This is a rustic kind of soup, vaguely Greek, really more of a broth with bits. The flavour, with its bright lemon notes, is soothing and gentle rather than rich. I’ve said to add some sea bass or bream, but in truth, it would happily work with just the chunkier white fish, or a different mix. Don’t go down the oily fish route, though. Mackerel and sardines have their place, but it is not here.
2 medium onions, peeled and sliced
1 large carrot, peeled and thinly sliced
1 large bulb fennel, trimmed and finely sliced (keep the feathery fronds)
2 sticks celery, finely sliced
5 cloves garlic, peeled and thinly sliced
Fine sea salt and freshly ground black pepper
400g potatoes (preferably waxy ones), peeled and chopped into 2cm chunks
400g tin plum tomatoes, roughly chopped
1.5 litres good fish stock
200g sea bass or sea bream fillets, cut into 4cm chunks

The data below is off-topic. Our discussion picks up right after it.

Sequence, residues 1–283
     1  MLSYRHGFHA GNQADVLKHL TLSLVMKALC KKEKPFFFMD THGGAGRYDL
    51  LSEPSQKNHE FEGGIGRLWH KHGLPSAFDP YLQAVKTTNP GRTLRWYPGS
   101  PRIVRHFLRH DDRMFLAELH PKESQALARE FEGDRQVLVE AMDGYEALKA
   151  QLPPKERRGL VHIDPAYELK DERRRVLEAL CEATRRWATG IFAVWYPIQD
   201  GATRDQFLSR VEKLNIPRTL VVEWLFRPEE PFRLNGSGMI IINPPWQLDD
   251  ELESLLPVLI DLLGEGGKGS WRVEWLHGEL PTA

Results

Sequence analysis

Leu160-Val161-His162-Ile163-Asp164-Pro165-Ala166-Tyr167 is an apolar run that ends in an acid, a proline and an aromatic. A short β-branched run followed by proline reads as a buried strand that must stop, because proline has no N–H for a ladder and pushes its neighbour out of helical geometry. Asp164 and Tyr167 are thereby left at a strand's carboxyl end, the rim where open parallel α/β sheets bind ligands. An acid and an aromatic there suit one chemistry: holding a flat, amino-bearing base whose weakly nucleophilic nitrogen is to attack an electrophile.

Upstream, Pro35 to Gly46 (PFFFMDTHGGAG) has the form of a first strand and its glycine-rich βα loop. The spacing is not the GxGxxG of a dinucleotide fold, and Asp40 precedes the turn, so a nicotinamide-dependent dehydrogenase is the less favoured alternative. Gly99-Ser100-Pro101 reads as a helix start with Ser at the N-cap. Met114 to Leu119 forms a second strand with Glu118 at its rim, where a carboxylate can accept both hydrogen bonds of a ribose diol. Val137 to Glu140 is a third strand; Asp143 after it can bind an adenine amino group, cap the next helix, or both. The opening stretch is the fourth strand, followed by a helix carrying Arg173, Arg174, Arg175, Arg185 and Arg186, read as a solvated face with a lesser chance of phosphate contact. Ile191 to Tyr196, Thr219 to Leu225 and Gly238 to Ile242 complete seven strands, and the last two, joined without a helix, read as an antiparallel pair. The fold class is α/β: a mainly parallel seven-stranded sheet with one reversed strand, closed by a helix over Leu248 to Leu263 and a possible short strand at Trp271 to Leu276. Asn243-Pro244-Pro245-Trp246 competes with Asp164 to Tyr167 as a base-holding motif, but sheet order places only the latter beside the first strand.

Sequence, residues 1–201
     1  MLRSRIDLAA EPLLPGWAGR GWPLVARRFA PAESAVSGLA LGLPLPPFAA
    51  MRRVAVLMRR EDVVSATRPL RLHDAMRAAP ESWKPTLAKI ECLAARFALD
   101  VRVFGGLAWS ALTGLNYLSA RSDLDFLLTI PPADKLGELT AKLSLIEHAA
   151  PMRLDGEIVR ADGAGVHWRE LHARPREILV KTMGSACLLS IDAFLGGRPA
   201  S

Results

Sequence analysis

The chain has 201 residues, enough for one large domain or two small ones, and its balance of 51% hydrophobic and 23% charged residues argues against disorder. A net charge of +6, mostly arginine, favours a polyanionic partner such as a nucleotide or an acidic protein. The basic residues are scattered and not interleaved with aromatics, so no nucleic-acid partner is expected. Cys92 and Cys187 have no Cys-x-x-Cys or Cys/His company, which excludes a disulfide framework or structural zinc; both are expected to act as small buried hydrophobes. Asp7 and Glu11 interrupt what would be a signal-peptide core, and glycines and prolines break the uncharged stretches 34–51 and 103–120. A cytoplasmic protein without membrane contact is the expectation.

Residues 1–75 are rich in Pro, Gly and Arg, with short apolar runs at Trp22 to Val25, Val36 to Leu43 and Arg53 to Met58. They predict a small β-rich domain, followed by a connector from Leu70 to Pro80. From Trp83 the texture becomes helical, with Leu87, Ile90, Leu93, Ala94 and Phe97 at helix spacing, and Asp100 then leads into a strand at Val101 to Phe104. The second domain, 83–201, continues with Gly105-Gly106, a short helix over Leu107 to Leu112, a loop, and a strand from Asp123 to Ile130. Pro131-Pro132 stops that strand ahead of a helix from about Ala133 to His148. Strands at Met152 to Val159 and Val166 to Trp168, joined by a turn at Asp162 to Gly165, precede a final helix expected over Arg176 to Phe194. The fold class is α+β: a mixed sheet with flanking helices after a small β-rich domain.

400g other skinless white fish fillets (such as cod/pollack/hake), cut into 4cm chunks
Juice of 2 lemons
A small bunch flat leaf parsley, roughly chopped
Heat 4 tbsp oil in a large saucepan over a medium heat. Add the fennel and coriander seeds, onions, carrot, fennel, celery and garlic, plus ½ tsp salt, and sweat, stirring often, for about 10 minutes, or until the vegetables have softened, but not browned.
Stir in the tomatoes and potatoes, then add the stock and bring to a simmer. Cook for about 20 minutes until the potatoes are easily pierced to the middle. Skim off any scum from the surface periodically.
Add the fish and most of the parsley and simmer for 4-5 minutes more, or until the fish is just cooked through.
Stir in the lemon juice, check the seasoning (it will need several good grinds of black pepper, though it may not need extra salt if you used a salty readymade stock), then ladle into bowls. Add a trickle of olive oil and a sprinkling of parsley and fennel fronds to each one. Add more pepper if you feel it needs it.
Lucas Hollweg is an award-winning food writer, cookbook author and cook. A former Sunday Times journalist and cookery columnist, he writes for a wide range of food publications. His most recent book is Good Things to Eat.